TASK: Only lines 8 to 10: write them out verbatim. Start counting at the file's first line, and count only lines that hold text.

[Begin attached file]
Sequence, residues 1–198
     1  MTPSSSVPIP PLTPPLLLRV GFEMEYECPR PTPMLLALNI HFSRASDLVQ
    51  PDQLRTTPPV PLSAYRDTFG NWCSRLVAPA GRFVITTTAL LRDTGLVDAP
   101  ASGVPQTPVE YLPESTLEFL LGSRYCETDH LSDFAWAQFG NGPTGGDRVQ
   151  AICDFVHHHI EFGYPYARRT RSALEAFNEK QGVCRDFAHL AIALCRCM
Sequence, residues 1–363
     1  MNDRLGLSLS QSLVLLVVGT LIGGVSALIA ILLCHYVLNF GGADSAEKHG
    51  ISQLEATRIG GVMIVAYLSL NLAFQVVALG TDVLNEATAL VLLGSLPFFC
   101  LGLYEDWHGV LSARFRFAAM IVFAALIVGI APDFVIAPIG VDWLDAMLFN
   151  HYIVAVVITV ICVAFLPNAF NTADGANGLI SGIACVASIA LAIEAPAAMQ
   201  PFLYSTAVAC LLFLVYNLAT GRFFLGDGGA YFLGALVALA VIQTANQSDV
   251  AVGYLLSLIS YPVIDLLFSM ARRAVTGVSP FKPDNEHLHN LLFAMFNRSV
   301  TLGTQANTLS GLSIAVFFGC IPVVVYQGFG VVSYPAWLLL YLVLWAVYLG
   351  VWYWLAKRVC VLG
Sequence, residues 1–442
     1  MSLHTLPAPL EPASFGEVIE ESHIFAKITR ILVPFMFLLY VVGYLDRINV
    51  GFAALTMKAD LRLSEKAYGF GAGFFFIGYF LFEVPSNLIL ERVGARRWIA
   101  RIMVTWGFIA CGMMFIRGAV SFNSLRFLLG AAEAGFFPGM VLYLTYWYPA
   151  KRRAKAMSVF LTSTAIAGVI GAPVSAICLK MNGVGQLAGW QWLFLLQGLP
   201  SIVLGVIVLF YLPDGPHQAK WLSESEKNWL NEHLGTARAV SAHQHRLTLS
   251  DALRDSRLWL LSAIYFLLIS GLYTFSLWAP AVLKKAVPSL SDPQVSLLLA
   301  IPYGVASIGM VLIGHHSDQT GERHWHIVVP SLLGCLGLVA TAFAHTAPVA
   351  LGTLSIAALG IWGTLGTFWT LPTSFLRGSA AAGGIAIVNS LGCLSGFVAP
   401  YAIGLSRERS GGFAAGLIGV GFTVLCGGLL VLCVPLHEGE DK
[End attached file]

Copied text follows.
    51  ISQLEATRIG GVMIVAYLSL NLAFQVVALG TDVLNEATAL VLLGSLPFFC
   101  LGLYEDWHGV LSARFRFAAM IVFAALIVGI APDFVIAPIG VDWLDAMLFN
   151  HYIVAVVITV ICVAFLPNAF NTADGANGLI SGIACVASIA LAIEAPAAMQ